- C. Carey
ExtractBy the time of *Hermogenes (2) (On Ideas 2. 11) writing in the 2nd cent. ce there was a list of ten Athenian orators (*Lysias, *Isaeus (1), *Hyperides, *Isocrates, *Dinarchus, *Aeschines (1), *Antiphon (1), *Lycurgus (3), *Andocides, *Demosthenes (2)) whose classic status was recognized; the same selection figures in the Lives of the Ten Orators falsely ascribed to *Plutarch. This follows a tendency typical of the Hellenistic period, to produce select lists for different genres (see canon). The number ten apparently goes back at least to *Caecilius (1) of Caleacte (Augustan period), who (Suda, entry under Κεκίλιος) wrote a treatise On the Style of the Ten Orators. However, even if Caecilius' ten were the same as Hermogenes', the selection was slow to acquire canonical status. There is evidence for alternative lists. His contemporary *Dionysius (7) (On Imitation 5) lists six orators worthy of imitation (Lysias, Isocrates, Lycurgus, Demosthenes, Aeschines, Hyperides), while at On the Ancient Orators 4, Isaeus replaces Lycurgus.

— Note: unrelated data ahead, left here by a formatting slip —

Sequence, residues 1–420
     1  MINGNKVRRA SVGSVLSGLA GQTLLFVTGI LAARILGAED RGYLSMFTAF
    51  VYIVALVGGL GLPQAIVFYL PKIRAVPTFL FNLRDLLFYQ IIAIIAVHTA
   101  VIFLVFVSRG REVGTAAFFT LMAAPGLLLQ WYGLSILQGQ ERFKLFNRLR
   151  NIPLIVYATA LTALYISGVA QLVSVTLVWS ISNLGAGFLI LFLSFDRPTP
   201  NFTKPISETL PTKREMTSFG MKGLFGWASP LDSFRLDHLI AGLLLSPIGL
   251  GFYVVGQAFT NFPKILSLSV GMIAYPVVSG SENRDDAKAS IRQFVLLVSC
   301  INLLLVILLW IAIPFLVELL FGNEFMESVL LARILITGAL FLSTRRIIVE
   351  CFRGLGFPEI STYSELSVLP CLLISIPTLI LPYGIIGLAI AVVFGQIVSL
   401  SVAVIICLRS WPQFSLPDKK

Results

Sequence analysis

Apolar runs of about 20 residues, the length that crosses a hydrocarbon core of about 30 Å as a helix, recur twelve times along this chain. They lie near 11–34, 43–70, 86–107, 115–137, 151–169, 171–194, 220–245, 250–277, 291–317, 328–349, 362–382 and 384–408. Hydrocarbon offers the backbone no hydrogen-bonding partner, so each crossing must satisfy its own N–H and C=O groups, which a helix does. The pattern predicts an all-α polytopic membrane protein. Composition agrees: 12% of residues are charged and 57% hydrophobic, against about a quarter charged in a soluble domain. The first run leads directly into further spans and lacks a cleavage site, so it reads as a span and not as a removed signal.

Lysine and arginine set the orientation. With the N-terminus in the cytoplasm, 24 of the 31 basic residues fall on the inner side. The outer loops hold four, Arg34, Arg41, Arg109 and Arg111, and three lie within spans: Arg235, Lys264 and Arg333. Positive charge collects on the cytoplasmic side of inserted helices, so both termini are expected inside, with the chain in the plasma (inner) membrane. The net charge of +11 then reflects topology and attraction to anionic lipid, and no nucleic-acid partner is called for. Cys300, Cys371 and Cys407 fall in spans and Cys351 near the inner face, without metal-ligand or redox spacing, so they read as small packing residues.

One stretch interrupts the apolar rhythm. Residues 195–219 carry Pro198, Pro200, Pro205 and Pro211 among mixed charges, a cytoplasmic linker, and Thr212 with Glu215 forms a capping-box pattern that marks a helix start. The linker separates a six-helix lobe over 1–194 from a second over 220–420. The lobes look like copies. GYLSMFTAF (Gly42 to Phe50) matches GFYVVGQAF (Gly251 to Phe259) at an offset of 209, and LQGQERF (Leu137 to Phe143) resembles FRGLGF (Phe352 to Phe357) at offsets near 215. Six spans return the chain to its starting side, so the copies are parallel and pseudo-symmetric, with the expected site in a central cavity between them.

- Greek Law